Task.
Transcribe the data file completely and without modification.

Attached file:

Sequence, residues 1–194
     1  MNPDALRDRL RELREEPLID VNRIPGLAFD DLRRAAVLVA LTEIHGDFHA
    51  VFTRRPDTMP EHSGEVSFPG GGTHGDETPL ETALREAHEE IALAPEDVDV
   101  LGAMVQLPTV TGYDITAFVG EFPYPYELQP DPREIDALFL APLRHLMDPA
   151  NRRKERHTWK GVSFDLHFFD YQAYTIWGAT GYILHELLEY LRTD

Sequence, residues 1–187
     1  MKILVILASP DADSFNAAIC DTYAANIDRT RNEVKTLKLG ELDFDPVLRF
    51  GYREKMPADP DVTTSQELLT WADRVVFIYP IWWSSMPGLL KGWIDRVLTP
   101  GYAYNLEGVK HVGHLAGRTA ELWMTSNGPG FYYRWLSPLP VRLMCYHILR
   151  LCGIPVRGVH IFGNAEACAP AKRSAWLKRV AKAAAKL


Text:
Sequence, residues 1–194
     1  MNPDALRDRL RELREEPLID VNRIPGLAFD DLRRAAVLVA LTEIHGDFHA
    51  VFTRRPDTMP EHSGEVSFPG GGTHGDETPL ETALREAHEE IALAPEDVDV
   101  LGAMVQLPTV TGYDITAFVG EFPYPYELQP DPREIDALFL APLRHLMDPA
   151  NRRKERHTWK GVSFDLHFFD YQAYTIWGAT GYILHELLEY LRTD

Sequence, residues 1–187
     1  MKILVILASP DADSFNAAIC DTYAANIDRT RNEVKTLKLG ELDFDPVLRF
    51  GYREKMPADP DVTTSQELLT WADRVVFIYP IWWSSMPGLL KGWIDRVLTP
   101  GYAYNLEGVK HVGHLAGRTA ELWMTSNGPG FYYRWLSPLP VRLMCYHILR
   151  LCGIPVRGVH IFGNAEACAP AKRSAWLKRV AKAAAKL